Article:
What it doesn't have in the immediate vicinity though, is just a few hour drive away though. That's a common story for anything in Oregon.

Portland is a rad city, but it's become a bit of a dog pile. LOTS of highly educated people competing for jobs driving the pay scale for jobs way down compared to other cities, with a serious shortage of housing driving home prices (and thus rent) way up.

Portland is short drive to Mt. Hood (1.5 hours away, like all good things in Oregon), which has plenty of good snowboarding and seriously giant amounts of snowfall, plus a longer season than Bachelor. Terrain is milder but still plenty of challenge to be found. Lots of good rivers nearby, ocean nearby, tons of great food and culture, great spot. Plenty of white water stuff to be found within a reasonable drive.

Way more people in our age group (early 30s) living it up in PDX. Half of them are Baristas chasing the dream of their band making it big someday still... but there's still a big contingent of outdoorsy rad people to be had

Eugene Oregon is a very cool and progressive city. Lots of cool things going on down there, decent rivers nearby (again, 1.5 hours drive) and all sorts of stuff to do. Good food a plenty, fun little spots... LOTS of teaching to be had there. NOT a lot of culture... but hardly backwoods either.

Ashland seems to be a rad place. Better weather, decent stuff around, Mt. Ashland isn't miserable, but it isn't amazing either.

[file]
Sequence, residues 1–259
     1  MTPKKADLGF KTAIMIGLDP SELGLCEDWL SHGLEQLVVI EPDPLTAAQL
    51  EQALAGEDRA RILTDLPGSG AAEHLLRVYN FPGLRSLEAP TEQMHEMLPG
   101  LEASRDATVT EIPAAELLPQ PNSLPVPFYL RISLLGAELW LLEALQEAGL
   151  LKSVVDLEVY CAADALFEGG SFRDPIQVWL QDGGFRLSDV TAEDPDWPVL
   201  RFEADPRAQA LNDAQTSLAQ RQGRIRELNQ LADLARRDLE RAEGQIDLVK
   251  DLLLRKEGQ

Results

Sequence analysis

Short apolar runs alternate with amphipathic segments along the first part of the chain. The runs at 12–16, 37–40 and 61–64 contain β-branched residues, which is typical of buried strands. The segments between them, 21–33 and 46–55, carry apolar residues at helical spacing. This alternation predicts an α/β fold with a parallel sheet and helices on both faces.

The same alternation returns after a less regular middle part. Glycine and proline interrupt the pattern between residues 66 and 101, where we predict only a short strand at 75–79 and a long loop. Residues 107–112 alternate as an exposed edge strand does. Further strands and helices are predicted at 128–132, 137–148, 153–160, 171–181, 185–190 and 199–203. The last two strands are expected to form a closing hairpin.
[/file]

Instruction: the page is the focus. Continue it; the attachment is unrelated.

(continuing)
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Old 04-29-2014   #25
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Plymouth, New Hampshire
Paddling Since: 2012
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Originally Posted by jakebrown98 View Post
Seriously though, anywhere in Oregon and southern Washington that is "liberal" is also rather urban and is inundated with prospective teachers.
This is very true. Lots of educated folks in Portland, many went with the teaching, and in turn the market is ultra watered down until you move into somewhere more remote.

I forgot to mention, my house (that I own) is in Welches Oregon, right at the base of Mt. Hood. Really pretty area, nice and remote, and full of pretty darn nice and calm people. Get's your out of the liberal nutcase shit going on in Portland (kids can't play cowboys and indians!) and into somewhere a little less wound up about nonsense.
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Old 04-29-2014   #26
Boise, Idaho
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Live free or die, man!
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Old 04-29-2014   #27
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Plymouth, New Hampshire
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Originally Posted by Anchorless View Post
Live free or die, man!
I love New Hampshire summers and falls. Now that I'm working remote it's entirely possible that I may try and reside in both states